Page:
Year Released: 1999
MPAA Rating: Unrated
Running Time: 79 minutes
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Camden (Robert C. Sabin) and Randy (Tommy Sweeney) may be the perfect roommates. After all, Camden suffers from agoraphobia — the fear of open spaces — and hasn’t left his apartment in the ten years since his parents were gunned down just outside the door. On the other hand, Randy — who’s such a swell fellow, he hires a prostitute to de-virginize his new roomie and has the courtesy to leave the apartment when Camden’s new girlfriend Julie (Peggy Crown) visits — has, endured claustrophobia ever since his mother locked him in a closet when he was a kid. In other words, Camden is always home while Randy rarely is. Of course, the fact that Randy has an alarming, over-protective tendency to murder everyone who comes into contact with Camden could potentially put a serious crimp in their newfound friendship.
While Greg Lamberson’s “Naked Fear” is a fairly average, basically competent video feature, his script leaves a lot to be desired. Clumsily force-feeding us far too much exposition on the one hand while blithely skating over several key moments on the other, the script’s amateurish nature hurts the film far more than the fact that it was shot on video. In one scene, for example, an anguished Julie informs Camden she was date-raped. Camden tells her he’d never hurt her. “I know,” she replies, takes him by the hand and leads him to the bedroom! I guess maybe it wasn’t such a big deal after all. Similarly, Lamberson seriously underplays the triumphant moment when Camden overcomes his fear of the outside. Okay, an obnoxiously screeching pack of violins would be a bit much, but Cam just sort of steps outside and he’s on his way. In spite of these flaws, Lamberson definitely shows promise with “Naked Fear,” a very near-miss that’s still a surprisingly watchable, occasionally even engaging no-frills video. I’ve certainly seen a lot worse, including a number of much higher-budgeted, shot-on-film movies. He just needs to knuckle down and tighten up his storytelling in the future and the rest will follow.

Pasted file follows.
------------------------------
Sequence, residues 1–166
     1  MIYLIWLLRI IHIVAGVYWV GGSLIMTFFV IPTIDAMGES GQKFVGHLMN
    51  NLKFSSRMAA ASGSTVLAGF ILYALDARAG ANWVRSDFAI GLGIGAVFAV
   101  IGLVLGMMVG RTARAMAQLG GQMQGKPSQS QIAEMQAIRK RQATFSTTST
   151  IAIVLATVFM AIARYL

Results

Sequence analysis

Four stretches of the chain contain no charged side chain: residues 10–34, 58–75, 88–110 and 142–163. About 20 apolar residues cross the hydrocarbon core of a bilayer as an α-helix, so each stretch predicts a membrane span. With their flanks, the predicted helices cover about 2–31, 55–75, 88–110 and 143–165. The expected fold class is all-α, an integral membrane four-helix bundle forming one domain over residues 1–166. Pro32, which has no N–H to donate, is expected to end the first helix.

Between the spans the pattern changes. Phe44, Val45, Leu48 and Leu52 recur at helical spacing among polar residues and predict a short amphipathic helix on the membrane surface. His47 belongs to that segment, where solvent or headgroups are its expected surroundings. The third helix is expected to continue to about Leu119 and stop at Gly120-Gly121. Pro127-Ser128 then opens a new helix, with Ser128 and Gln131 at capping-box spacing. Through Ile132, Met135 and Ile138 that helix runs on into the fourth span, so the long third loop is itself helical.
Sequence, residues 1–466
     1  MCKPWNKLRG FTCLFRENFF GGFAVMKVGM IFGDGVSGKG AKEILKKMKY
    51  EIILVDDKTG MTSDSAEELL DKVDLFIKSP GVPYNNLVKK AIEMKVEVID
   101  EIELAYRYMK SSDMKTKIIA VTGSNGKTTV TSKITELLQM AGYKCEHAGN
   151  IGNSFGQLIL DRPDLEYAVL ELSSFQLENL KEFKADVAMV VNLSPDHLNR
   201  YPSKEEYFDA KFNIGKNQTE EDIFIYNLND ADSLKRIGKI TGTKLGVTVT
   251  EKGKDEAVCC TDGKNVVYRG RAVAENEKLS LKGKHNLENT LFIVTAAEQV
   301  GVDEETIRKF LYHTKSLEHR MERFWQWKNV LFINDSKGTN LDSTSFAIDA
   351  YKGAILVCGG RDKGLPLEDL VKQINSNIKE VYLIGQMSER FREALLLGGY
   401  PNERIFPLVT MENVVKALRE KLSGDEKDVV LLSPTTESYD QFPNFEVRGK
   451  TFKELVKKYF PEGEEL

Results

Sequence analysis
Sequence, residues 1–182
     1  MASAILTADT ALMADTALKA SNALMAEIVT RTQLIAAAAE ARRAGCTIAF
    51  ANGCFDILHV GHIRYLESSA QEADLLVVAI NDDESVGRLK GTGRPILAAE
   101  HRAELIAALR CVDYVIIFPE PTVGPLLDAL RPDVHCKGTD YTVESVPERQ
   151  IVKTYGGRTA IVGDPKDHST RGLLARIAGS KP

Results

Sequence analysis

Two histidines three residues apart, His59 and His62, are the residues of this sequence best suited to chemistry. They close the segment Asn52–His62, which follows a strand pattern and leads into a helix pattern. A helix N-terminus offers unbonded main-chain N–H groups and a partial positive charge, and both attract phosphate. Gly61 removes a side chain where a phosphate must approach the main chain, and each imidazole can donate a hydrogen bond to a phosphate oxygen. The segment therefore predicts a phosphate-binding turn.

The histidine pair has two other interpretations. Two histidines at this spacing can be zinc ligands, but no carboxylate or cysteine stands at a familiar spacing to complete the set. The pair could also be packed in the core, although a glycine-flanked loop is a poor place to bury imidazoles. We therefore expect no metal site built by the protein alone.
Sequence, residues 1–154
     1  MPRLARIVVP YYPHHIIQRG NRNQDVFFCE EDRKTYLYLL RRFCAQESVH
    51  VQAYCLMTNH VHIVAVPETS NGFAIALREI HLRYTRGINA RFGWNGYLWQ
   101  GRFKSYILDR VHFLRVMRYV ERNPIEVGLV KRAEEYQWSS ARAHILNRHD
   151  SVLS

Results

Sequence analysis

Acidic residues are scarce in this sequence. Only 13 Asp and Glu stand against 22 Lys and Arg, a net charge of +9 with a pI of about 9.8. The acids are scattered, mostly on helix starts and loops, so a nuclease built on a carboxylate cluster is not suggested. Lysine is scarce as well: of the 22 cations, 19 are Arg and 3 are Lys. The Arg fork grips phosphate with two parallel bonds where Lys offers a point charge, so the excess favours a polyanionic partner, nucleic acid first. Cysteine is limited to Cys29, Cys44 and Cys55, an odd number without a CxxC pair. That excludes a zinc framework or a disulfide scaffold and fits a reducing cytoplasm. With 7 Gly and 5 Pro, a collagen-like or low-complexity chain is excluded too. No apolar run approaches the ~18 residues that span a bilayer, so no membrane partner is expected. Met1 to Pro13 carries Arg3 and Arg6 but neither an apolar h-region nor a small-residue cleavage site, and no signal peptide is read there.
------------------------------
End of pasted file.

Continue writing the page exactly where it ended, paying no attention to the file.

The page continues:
Posted on November 22, 1999 in Reviews by Merle Bertrand
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